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Review: How to Write a Memoir in 30 Days by Roberta Temes

[ 4 ] July 23, 2014

418Hckt2YALReviewed by Nina Longfield

Everyone has a story to tell. Such is the basis of Roberta Temes instructional book, How to Write a Memoir in 30 Days. Temes spells out and breaks down the process for writing one’s personal story. She provides day-by-day, step by step instructions meant to lead the writer through the memoir process. These exercises take the writer from beginning to ending, to enhancing one’s writing through description, action and dialogue, to polishing for publication.

Temes begins How to Write a Memoir in 30 Days with an introduction as to what a memoir is; by day two, the reader learns how a memoir is different from an autobiography. Some of the exercises are challenging in their simplicity, such as the three-sentence memoir. It is no easy task summing up one’s life in three sentences or less, but this draws one into the essence of what it is one wants to focus his/her writing around. The exercises are written to help the writer delve into his/her memories. Temes shows that this process can be difficult or fun reflecting back on certain memories. Temes also discusses therapeutic benefits of memory recall. Each writer chooses what subject, character, emotions, and memories to write about each day. How to Write a Memoir in 30 Days illustrates each lesson using examples from student writers to established standards. Such examples allow the reader to understand the exercise and create his/her own results. Temes also sprinkles grammar tips throughout the book that are useful even for the seasoned writer to review.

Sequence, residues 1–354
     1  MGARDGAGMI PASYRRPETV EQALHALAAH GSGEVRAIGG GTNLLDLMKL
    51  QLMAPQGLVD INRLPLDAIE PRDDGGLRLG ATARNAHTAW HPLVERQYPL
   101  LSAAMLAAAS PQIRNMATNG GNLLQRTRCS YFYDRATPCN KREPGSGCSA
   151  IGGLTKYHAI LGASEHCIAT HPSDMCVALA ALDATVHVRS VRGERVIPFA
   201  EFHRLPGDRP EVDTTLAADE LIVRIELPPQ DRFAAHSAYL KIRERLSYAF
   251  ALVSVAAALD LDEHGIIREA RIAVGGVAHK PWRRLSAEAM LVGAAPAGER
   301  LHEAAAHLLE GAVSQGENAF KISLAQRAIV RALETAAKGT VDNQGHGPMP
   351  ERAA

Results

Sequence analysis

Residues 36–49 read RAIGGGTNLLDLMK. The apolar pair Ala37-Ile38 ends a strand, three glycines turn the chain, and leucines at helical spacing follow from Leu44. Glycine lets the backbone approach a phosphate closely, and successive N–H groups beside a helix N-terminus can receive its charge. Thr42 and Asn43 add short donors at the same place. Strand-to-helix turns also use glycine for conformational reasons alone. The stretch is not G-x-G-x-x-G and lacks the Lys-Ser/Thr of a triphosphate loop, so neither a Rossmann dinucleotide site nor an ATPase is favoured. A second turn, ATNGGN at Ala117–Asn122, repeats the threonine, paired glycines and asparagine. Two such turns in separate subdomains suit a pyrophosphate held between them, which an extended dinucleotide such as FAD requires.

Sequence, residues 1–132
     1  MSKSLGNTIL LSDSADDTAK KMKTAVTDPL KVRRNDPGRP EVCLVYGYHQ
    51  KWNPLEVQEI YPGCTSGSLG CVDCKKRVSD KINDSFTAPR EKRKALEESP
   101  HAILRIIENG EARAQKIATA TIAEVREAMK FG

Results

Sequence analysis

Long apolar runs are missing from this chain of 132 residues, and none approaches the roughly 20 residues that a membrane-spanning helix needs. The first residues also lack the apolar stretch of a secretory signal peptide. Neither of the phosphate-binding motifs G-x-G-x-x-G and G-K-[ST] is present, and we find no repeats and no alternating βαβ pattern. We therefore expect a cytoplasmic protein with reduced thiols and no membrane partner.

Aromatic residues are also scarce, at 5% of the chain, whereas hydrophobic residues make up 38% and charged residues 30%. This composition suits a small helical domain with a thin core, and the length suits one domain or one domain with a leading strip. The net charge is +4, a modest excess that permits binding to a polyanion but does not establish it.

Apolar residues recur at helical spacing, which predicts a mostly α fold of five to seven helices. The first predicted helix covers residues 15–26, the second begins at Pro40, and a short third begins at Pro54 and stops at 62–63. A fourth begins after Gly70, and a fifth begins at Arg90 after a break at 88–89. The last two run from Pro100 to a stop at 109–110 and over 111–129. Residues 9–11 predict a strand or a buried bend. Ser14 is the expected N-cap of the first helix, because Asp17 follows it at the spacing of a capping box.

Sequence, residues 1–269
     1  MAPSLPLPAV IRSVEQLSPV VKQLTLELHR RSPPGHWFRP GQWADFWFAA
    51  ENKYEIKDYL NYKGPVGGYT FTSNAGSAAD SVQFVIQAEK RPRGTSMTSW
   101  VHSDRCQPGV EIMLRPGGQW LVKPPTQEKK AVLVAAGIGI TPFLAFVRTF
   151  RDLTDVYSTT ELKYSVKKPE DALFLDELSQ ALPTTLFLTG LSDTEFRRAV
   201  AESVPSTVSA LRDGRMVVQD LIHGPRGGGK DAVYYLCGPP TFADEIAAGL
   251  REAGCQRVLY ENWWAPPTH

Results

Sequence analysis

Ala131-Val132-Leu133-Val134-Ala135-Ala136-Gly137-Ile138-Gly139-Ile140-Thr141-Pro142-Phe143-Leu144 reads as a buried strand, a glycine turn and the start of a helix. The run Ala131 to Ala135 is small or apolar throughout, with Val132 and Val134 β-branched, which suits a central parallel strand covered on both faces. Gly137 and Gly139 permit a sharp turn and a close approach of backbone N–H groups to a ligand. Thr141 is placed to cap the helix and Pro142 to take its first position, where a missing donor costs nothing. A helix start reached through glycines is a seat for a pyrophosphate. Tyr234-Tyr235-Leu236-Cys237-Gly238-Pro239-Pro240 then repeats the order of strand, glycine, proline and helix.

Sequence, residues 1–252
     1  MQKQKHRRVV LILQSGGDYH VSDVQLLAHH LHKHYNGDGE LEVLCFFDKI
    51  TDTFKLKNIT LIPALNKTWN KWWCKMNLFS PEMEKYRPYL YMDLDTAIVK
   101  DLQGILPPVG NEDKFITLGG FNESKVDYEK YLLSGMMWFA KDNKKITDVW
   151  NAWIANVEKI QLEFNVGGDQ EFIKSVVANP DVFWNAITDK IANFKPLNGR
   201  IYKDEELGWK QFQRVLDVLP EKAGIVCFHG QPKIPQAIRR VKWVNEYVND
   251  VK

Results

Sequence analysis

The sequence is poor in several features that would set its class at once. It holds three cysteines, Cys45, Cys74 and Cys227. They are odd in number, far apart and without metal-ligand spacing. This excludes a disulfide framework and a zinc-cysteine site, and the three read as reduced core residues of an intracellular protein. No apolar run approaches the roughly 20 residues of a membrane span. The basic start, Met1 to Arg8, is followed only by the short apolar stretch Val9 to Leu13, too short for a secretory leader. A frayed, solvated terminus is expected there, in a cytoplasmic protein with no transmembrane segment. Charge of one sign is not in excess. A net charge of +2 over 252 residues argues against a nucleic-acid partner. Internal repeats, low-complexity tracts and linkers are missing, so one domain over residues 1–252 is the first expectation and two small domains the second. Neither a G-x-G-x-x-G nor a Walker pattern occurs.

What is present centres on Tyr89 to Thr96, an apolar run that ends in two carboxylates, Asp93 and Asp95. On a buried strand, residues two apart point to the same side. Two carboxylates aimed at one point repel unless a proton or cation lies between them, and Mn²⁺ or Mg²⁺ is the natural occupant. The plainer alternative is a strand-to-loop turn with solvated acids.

There is no mystery or magical promise in How to Write a Memoir in 30 Days. The book, however, can fulfill all it offers with work and persistence. If a writer follows the thirty day, day-by-day set of instructions and exercises, he/she can fill many pages. The downside of the book is the rushed final chapters. The concluding chapters on polishing your work and the publishing process seems to only summarize and glance over two complicated subjects. Despite the final chapters, the book as a whole is a great collection of writing exercises and grammatical tips that can aid the novice to experienced writer in creating his or her own written personal story.

Rating: ★★★★☆ 

Nina Longfield is a writer living in Oregon’s fertile wine country. When she is not reading or writing in her spare time, Nina enjoys hiking in the hills surrounding her cabin.

Review copy was provided free of any obligation by FSB Associates. No monetary or any other form of compensation was received.

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Review: White Space by Ilsa J. Bick

[ 3 ] July 23, 2014

13449631Reviewed by Caleb Shadis

White Space was not really what I was expecting. This sometimes can be very good and sometimes very bad. In this case, it was neither. The writing was very good, the descriptions and onomatopoeic words used were very vivid. At times almost too much. The storytelling was definitely not my cup of tea.

We meet Emma and her friend as they are driving north into a blizzard in Wisconsin. To all those outside Emma’s head she appears to be an intelligent normal college girl; we however get to see inside her mind. And while Emma wants nothing more than to be normal, she isn’t. Ever since her experience ‘down cellar’ (which she tries to keep locked up and never think about) she has had ‘blinks’ or episodes where she loses time. She does eventually come back to herself but feels like she is waking up–only she obviously has not been sleeping. Her friends do not seem to notice and she just tries to live with it the best she can.

The reason for the trip North is from a terrible surprise she got in class. She was given an assignment to write a story in the vein of a famous horror author, Frank McDermott. She was more successful than she could have ever imagined. Apparently, she tapped the same muse as McDermott, since she wrote a story that was almost word for word the same as one of McDermott’s unfinished and unpublished works. Her professor called her in on plagiarism and threatened to expel her.

We also meet Lizzie, through Emma’s blinks. Lizzie is a little 5 year old girl, who happens to be much wiser than she appears. We come to see her dad is Frank McDermott and his talent for writing incredible horror stories comes with a little help. Dark help.